Republishing and referencing

Bruegel considers itself a public good and takes no institutional standpoint. Anyone is free to republish and/or quote this post without prior consent. Please provide a full reference, clearly stating Bruegel and the relevant author as the source, and include a prominent hyperlink to the original post.

View comments
Read about event More on this topic

Upcoming Event

Oct
12
12:30

Europe Lab: Competitiveness and inclusive growth

The Europe Lab aims to support the design, launch and implementation of actionable agendas for public-private collaborations to increase competitiveness and inclusive growth in Europe.

Topic: Innovation & Competition Policy Location: Bruegel, Rue de la Charité 33, 1210 Brussels
Read about event More on this topic

Upcoming Event

Nov
21-22
13:30

Vision Europe Summit 2016

The 2016 Vision Europe Summit is titled "Redesigning European Migration and Refugee Policy" and will be held in Lisbon on 21-22 November 2016.

Topic: European Macroeconomics & Governance Location: Lisbon
Read article More by this author

Blog Post

Zsolt Darvas

Single market access from outside the EU: three key prerequisites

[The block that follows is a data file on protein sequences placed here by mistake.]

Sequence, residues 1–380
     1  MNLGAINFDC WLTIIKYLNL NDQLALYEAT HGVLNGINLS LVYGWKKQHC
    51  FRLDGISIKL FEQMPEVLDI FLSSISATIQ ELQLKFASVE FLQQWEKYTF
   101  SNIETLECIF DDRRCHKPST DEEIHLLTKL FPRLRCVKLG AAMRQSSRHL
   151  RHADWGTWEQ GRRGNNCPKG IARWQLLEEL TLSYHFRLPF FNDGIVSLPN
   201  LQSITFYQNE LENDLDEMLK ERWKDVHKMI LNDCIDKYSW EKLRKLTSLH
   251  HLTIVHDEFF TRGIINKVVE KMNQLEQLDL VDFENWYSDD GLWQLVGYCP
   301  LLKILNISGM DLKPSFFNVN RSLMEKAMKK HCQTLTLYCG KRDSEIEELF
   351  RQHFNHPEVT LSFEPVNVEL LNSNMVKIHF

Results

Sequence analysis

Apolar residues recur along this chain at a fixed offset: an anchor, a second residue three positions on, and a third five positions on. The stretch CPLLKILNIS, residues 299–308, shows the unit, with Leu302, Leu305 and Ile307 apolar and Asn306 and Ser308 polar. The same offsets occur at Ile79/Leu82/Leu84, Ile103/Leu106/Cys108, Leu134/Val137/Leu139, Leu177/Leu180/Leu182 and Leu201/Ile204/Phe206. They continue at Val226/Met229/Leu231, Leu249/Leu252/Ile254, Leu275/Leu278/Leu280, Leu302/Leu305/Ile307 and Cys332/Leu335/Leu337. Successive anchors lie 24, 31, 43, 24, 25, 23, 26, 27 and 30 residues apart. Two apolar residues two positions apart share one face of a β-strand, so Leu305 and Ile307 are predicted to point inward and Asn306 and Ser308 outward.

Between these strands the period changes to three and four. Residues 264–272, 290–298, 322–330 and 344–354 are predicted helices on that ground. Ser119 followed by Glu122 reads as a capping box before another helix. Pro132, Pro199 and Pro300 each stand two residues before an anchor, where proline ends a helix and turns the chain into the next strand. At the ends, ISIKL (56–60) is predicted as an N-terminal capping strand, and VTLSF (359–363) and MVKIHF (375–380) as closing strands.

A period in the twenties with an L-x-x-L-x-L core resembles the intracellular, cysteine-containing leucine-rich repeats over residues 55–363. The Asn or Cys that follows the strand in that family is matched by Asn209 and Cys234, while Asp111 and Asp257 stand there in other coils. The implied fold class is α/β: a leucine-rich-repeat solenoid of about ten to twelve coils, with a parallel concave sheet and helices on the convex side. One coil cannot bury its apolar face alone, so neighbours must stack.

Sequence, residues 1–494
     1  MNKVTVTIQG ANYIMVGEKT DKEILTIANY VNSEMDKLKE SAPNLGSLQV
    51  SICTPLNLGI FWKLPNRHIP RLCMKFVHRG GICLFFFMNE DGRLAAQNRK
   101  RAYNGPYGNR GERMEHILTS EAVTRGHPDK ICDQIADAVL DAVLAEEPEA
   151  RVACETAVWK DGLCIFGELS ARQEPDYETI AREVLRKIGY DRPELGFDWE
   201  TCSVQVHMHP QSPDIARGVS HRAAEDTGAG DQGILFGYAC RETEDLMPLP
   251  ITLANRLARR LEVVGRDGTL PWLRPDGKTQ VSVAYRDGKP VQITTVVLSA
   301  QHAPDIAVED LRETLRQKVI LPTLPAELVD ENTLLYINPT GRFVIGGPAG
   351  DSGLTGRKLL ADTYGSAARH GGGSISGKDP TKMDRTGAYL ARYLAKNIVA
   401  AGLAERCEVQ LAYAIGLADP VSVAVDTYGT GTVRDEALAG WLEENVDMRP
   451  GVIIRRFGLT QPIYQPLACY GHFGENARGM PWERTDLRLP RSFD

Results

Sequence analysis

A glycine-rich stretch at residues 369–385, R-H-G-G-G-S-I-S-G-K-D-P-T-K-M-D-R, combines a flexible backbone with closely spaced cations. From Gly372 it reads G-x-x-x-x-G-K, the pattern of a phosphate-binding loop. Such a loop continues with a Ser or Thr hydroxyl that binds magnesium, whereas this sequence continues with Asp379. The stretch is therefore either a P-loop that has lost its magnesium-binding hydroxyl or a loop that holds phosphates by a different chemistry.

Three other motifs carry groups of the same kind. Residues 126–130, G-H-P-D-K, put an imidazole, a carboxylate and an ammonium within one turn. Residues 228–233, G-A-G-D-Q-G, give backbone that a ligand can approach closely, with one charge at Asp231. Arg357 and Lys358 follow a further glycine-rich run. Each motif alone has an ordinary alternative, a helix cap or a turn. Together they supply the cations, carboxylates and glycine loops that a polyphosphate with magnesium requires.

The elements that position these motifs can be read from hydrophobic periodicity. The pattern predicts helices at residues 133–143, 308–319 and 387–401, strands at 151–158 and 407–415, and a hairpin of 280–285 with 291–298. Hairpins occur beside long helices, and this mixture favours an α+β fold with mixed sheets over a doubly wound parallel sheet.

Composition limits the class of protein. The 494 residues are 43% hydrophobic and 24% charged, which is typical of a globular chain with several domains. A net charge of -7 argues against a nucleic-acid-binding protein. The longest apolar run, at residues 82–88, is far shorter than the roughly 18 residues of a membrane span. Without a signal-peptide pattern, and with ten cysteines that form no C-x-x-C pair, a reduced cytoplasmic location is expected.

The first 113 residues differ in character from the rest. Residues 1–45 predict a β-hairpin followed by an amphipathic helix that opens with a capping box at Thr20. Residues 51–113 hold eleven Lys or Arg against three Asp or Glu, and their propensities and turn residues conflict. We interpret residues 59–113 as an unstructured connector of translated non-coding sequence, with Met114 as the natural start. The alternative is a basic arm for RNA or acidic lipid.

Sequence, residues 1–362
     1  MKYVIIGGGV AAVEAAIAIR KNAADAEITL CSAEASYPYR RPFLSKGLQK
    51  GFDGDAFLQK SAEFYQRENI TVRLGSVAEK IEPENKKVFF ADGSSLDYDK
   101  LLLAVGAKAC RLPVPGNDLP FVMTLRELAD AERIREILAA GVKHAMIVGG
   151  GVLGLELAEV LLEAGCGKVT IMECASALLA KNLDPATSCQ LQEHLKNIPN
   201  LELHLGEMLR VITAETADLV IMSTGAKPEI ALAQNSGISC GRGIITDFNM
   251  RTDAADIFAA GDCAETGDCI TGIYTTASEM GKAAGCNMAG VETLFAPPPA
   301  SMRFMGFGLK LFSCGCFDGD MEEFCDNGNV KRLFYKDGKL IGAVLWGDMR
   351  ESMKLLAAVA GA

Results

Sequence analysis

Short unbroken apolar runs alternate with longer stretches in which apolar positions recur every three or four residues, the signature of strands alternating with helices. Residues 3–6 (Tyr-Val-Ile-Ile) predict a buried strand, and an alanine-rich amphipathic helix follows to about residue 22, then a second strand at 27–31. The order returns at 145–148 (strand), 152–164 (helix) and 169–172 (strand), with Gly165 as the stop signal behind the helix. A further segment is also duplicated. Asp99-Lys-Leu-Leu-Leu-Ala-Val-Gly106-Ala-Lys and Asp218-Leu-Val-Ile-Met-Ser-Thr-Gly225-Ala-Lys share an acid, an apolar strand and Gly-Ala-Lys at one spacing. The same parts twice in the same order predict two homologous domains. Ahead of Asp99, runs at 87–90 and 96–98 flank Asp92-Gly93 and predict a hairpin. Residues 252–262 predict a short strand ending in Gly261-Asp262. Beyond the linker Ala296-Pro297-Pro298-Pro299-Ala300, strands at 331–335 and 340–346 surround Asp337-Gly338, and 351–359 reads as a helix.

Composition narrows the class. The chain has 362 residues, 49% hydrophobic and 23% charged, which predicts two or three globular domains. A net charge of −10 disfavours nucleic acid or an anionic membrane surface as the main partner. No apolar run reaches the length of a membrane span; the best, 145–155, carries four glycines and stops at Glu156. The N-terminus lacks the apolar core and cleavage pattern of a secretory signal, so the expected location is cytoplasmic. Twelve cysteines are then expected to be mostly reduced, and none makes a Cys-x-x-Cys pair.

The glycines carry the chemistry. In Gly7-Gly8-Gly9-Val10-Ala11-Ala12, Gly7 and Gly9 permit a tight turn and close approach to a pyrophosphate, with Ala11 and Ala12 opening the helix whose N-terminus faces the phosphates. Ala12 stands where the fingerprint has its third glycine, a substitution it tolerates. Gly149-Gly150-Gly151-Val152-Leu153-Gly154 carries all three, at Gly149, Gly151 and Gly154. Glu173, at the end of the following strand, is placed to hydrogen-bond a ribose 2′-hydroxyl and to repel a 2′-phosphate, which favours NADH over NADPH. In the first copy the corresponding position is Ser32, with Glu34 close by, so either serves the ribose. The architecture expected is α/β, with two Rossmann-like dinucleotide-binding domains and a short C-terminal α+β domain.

In relative terms, Norway’s current net financial contribution to the EU is similar to the UK’s. Switzerland and Liechtenstein pay surprisingly little, while Iceland is a net beneficiary. Relative to their population, Switzerland, Norway, Iceland and Liechtenstein received about twice as large an inflow of EU immigrants as the UK. These countries also have to adopt the vast majority of EU regulation to gain access to the single market.

By: Zsolt Darvas Topic: European Macroeconomics & Governance Date: July 19, 2016
Read about event More on this topic

Past Event

Past Event

Tackling antimicrobial resistance (AMR)

Pathological microbes are increasingly resistant to antimicrobial treatments. The resulting health crisis is one of the greatest challenges facing society. At this event, Jim O'Neill will present the Independent Review on Antimicrobial Resistance and a panel will discuss how to tackle drug resistance.

Speakers: James Anderson, Sally Davies, Charles Knirsch, Jim O‘Neill, Xavier Prats Monné and Karen E. Wilson Topic: Innovation & Competition Policy Location: Bruegel, Rue de la Charité 33, 1210 Brussels Date: July 14, 2016
Read about event More on this topic

Past Event

Past Event

Policies for digital innovation

We were pleased to welcome Paul Misener, Vice President of Global Public Policy at Amazon.com, to discuss innovation and regulation.

Speakers: Eva Chamizo, Paul Misener, Stephan Raes and Reinhilde Veugelers Topic: Innovation & Competition Policy Location: Bruegel, Rue de la Charité 33, 1210 Brussels Date: July 11, 2016
Read article More on this topic More by this author

Blog Post

Emmanuel Mourlon-Druol

UK political elite used poverty & immigration fears to secure leave vote